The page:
Yesterday a friend and I went to a registered ("Three Self") Chinese church. That's the kind of church that China says is legal, except when it says it isn't--which happened a few decades ago and caused all the underground churches to flourish. The church has a deal with the Chinese government to be silent on the Second Coming and the resurrection of the dead. Wikipedia does note, though, that some churches have some leeway on that, and the one I went to must have been one of them, because the doctrine of the resurrection of the dead was explicit in the Romans sermon text.
My friend and I arrived twenty minutes before the service started and were already shuffled into the 300+ person overflow room where we watched everything going on upstairs on video.
I was so fascinated to see what a Chinese church would be like. Even if I had understood all of the message, I would still have been distracted trying to observe: What kind of people came? (mostly girls) What were they wearing? (better clothes than normal) What did they bring with them? (a Bible, I think, and/or a book of hymns) And so on.
I was interested in figuring out what the four or five other foreigners were doing there, too. Missionaries can speak Chinese and find it too ostentatious to go to a Chinese service like that, and students are usually in one place long enough to try to mesh with a church in a foreign language. After carefully watching the foreigners--who were all Americans speaking English to surrounding Chinese people who obviously knew them--I concluded that it was evangelically-oriented Americans in Beijing for a short time who had Chinese friends interested in Christianity. I talked with them afterward and found I was right.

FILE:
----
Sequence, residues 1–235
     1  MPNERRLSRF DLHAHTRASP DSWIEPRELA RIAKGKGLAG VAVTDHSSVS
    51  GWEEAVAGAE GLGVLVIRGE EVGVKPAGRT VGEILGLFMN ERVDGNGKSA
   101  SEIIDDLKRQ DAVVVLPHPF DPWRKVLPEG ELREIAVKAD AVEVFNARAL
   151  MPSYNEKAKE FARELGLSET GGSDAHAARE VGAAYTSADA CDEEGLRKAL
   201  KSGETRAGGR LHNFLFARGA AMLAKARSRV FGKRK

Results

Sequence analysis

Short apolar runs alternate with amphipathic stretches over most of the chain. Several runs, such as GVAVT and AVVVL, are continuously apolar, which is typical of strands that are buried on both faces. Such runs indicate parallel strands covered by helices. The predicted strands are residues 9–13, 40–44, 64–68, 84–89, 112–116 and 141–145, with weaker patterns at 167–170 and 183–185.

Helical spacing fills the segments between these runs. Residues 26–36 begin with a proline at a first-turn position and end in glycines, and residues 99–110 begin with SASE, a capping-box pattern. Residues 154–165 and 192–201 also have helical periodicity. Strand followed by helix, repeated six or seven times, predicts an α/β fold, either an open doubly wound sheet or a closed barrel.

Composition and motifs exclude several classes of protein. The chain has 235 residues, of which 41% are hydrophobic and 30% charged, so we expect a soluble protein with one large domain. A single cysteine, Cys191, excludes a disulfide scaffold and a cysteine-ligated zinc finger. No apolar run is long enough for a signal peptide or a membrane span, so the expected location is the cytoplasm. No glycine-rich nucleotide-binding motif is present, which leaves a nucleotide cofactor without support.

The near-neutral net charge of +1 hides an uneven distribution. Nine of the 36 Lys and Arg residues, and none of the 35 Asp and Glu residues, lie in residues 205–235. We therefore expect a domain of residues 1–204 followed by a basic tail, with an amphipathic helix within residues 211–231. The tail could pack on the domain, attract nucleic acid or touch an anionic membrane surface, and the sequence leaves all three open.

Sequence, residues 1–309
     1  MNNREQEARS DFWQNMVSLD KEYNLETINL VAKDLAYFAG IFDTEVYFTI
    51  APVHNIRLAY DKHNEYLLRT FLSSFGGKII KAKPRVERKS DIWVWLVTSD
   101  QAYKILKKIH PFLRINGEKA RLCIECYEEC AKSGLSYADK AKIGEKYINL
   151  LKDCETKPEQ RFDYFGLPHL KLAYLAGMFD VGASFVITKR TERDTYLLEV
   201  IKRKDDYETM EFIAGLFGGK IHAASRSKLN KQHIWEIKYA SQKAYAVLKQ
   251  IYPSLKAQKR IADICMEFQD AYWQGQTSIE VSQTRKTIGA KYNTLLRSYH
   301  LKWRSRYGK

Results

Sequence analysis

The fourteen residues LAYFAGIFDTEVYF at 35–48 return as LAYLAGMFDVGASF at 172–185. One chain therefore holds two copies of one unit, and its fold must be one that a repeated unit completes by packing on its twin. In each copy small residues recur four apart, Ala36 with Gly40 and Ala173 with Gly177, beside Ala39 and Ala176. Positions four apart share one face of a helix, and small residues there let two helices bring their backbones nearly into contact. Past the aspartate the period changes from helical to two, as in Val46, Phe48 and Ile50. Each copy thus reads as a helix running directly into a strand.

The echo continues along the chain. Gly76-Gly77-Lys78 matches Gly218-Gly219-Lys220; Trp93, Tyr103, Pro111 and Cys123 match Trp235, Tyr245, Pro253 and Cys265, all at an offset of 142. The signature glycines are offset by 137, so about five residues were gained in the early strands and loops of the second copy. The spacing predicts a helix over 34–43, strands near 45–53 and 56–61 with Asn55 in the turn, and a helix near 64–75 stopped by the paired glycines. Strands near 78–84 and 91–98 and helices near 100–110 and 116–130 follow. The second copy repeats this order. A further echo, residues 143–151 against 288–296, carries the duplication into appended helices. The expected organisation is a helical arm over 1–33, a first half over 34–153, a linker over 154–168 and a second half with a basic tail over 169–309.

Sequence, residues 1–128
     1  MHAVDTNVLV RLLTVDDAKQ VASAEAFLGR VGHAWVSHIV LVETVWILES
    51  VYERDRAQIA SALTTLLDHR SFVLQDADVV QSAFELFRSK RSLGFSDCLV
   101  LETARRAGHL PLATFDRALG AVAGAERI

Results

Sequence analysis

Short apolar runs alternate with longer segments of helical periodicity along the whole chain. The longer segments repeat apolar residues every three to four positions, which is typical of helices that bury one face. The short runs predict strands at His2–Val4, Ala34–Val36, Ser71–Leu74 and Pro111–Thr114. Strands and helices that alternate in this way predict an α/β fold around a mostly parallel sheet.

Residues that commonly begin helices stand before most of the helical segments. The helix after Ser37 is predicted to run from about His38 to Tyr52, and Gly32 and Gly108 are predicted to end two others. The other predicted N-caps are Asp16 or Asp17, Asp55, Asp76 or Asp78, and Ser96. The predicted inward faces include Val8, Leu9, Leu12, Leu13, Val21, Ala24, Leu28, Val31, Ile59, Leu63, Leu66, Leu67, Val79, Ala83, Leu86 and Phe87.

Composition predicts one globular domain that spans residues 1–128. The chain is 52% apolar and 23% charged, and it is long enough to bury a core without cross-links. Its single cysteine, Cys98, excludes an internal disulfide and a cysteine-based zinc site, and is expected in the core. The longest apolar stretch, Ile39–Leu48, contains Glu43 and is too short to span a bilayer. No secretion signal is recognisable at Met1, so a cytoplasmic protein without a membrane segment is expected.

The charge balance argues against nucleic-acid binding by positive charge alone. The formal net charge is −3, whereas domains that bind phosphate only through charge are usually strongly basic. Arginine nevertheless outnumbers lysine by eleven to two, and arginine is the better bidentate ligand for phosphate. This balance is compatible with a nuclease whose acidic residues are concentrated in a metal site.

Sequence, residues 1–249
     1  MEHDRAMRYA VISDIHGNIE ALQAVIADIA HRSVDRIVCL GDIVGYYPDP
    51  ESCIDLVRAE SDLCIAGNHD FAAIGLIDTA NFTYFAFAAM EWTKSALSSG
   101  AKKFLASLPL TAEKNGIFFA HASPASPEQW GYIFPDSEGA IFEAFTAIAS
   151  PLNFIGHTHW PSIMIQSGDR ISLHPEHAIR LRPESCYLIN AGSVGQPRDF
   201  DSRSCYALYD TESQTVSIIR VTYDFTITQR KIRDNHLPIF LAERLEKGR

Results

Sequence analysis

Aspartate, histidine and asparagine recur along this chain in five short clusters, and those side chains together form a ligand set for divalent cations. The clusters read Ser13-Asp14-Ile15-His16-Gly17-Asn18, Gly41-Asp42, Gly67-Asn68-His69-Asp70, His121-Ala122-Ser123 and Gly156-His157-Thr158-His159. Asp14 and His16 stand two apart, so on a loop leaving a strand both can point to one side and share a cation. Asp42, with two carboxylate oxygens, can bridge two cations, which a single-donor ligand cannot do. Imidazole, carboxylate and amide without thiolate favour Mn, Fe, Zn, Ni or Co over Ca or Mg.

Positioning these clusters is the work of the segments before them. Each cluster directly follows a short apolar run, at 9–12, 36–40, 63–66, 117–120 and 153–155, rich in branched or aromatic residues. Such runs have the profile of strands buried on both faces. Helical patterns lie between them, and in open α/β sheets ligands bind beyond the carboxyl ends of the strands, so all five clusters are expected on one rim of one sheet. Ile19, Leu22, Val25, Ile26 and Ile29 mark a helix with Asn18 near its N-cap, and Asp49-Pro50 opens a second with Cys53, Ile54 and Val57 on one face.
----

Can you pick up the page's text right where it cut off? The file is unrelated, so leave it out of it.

Language-wise, let's just say it's good that I'm used to the content of church, because I had to fill in a lot of blanks. "Trusting in Jesus Christ as your personal Lord and Savior" hasn't really come up as vocabulary in class. I heard it a lot, though, because they baptized 44 people. It was really amazing to see.
On a totally separate note, today I learned that my mom (real mom, not Chinese mom) is right when she says you should bring a swimming suit with you everywhere you go. Otherwise you may end up wearing something like the man on the left here:
And since I don't carry the swimsuit I brought all the way from America in my backpack, I did look like that man when I went to Beijing's swimming pool with Suzie today. It was an incentive to stay in the slimy-bottomed pool. When I got in, Suzie didn't eve know how to hold her breath under water. When we got out, she was doing the breaststroke for several meters at a time.
It was difficult to teach someone to swim in Chinese when the only related word I knew was "to swim." But like trying to attend church in Chinese, it's more the effort that counts.